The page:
Up to 70 million Americans have some kind of sleep disorder that keeps them from getting the recommended 7-9 hours of shut-eye per night.
We can try to improve sleep by changing behaviors – like cutting out caffeine earlier in the day. Other times, though, we need a little help.
PeaceHealth Ketchikan Medical Center’s Sleep Center is a source of help for southern Southeast residents. And, the center just recently earned its accreditation from the American Academy of Sleep Medicine.
Mike Matthews is supervisor of Ketchikan’s Sleep Center. He’s showing me the center, which is a couple of bedrooms and some offices in a wing of the local hospital.
The bedrooms are there for patients who have consulted with a doctor, and need a sleep study to confirm whether they have a disorder. Matthews said for that, the patient comes in, gets settled into one of the bedrooms
“And we hook them up to probably 26 different sensors, and then we point a camera at them and tell them to go to sleep,” he said.
And how does that work out?
“It generally works out pretty good, because most people with sleep apnea are pretty sleepy and tired during the day,” he said.
Sleep apnea is the most common sleep disorder. If a patient has it, symptoms are picked up through those 26 sensors, and a technician watching the readout from a nearby room can see it.
Patients can need more than one sleep study to establish the best treatment.
“Typically, we’ll do a diagnostic sleep study followed by what we call a CPAP-titration study. One is diagnostic, because we have to prove to the insurance company that you do indeed have sleep apnea for them to be able to pay for the equipment,” he said. “Then after we prove it, we need to know what mode of therapy and pressures that are correct for the patient.
A CPAP machine is the standard treatment for sleep apnea, a condition where a patient’s airways close during sleep, and they stop breathing.”
CPAP stands for continuous positive airway pressure. It’s basically a mask the patient wears when sleeping, hooked up to a little machine that blows air – gently – up the nasal passages in order to keep the airways open.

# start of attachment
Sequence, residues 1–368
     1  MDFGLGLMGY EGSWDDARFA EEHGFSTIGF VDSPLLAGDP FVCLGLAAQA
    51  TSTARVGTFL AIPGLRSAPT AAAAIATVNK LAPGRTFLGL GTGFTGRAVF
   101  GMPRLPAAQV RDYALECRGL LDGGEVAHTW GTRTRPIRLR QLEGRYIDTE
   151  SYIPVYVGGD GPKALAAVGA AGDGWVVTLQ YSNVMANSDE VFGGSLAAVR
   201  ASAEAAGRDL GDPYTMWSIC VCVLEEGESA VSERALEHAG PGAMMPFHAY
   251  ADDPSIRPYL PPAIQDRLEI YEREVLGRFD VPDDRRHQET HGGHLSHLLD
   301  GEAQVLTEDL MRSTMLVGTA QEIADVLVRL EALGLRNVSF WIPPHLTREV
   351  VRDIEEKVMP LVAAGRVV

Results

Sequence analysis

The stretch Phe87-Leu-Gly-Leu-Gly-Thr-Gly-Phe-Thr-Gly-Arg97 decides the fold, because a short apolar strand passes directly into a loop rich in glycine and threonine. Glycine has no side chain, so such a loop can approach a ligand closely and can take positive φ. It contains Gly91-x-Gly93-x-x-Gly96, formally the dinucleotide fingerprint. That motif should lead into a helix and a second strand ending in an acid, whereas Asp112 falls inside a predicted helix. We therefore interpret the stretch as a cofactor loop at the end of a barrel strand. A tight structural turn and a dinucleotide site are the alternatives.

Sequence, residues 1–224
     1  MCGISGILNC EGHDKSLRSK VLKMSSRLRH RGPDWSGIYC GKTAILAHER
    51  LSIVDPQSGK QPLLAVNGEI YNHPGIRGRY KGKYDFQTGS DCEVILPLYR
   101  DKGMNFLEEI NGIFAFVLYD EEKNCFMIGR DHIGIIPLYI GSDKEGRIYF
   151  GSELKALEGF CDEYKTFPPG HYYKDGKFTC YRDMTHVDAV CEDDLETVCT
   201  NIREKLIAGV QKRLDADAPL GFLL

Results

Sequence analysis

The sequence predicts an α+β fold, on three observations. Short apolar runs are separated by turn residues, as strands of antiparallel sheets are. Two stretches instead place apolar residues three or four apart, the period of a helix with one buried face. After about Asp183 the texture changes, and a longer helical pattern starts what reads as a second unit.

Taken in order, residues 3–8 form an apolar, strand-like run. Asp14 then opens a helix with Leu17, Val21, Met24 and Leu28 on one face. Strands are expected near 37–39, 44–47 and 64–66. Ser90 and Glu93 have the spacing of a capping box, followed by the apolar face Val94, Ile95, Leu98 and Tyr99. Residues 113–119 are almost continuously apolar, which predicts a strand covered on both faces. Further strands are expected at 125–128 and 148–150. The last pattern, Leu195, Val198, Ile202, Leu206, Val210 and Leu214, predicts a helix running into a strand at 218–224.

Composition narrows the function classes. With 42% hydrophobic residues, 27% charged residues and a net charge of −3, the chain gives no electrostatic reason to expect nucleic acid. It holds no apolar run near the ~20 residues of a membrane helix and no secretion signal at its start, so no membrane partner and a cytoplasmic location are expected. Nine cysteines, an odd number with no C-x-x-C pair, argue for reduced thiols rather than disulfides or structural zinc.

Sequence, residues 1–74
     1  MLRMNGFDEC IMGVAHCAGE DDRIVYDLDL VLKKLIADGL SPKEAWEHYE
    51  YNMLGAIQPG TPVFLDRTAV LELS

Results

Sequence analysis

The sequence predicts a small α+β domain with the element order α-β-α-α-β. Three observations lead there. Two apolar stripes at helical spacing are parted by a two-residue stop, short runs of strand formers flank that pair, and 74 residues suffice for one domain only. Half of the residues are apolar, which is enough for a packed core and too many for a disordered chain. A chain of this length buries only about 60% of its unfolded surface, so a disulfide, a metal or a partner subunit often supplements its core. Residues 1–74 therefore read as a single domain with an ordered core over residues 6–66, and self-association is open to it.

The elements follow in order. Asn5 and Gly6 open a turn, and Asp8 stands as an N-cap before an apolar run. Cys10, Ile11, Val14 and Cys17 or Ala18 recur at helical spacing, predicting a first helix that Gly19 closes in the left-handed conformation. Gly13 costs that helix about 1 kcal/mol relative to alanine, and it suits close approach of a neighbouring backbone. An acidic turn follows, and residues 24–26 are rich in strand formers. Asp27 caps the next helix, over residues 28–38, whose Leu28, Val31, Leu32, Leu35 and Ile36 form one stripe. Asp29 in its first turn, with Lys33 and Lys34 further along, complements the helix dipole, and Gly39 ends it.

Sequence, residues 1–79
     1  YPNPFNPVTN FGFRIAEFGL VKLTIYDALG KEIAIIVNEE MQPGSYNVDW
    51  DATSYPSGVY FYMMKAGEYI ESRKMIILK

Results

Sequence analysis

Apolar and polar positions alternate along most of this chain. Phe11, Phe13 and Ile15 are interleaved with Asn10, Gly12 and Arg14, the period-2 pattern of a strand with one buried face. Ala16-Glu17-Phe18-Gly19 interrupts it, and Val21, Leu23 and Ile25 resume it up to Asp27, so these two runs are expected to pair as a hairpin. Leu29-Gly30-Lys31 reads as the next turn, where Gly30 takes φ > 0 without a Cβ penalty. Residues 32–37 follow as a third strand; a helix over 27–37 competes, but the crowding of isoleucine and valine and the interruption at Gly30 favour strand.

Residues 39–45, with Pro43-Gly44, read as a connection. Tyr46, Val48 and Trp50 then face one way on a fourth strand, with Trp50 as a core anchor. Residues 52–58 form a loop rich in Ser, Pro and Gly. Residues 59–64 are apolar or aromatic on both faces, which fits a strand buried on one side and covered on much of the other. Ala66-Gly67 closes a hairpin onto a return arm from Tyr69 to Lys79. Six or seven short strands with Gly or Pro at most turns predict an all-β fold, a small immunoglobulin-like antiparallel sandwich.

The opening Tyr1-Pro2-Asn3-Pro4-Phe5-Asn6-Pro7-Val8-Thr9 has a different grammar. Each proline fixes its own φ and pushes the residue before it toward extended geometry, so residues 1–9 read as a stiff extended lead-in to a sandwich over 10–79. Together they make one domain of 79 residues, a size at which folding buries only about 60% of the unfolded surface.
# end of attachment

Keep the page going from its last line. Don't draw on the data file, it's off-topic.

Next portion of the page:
Because breathing is important.
“When you have an event when your throat is obstructed, your oxygen levels dip and your body reacts by releasing inflammatory chemicals into your bloodstream,” said Dr. Dave Morison, one of the physicians for the sleep center.
He said those chemicals – like epinephrine – over time can damage blood vessels, and lead to stroke or heart disease.
Morison said in men, sleep apnea affects 15 to 25 percent of the population.
“So about 1 in 5, and for women about 5 percent until they hit menopausal age, and then their risk goes to about the same as men,” he said.
Morison said insomnia is another common sleep problem. Treatment for that is primarily through behavior changes – establishing good sleep hygiene.
That means keeping the bedroom quiet and dark, removing the television from the bedroom and not using any devices, such as cell phones or tablets, in the bedroom.
“The other thing you can do is, if you don’t fall asleep within 20-30 minutes, you really shouldn’t stay in your bedroom,” Morison said.
Instead, he said, get up and go somewhere else. Do something relaxing until you feel sleepy and then try again. The goal is to train your brain to associate the bed with sleep, and only sleep.
Well – almost only. Here’s Matthews again: “There’s usually only two things you do in the bed, and one is sleep. The other is relations.”
There are about 80 sleep disorders. Matthews said some of the others the center has seen are narcolepsy and restless leg syndrome. Those can be treated through medication.
The Ketchikan sleep center’s accreditation was announced in early November. It means the center met or exceeded certain standards of care established by the American Academy of Sleep Medicine. The accreditation is good for five years.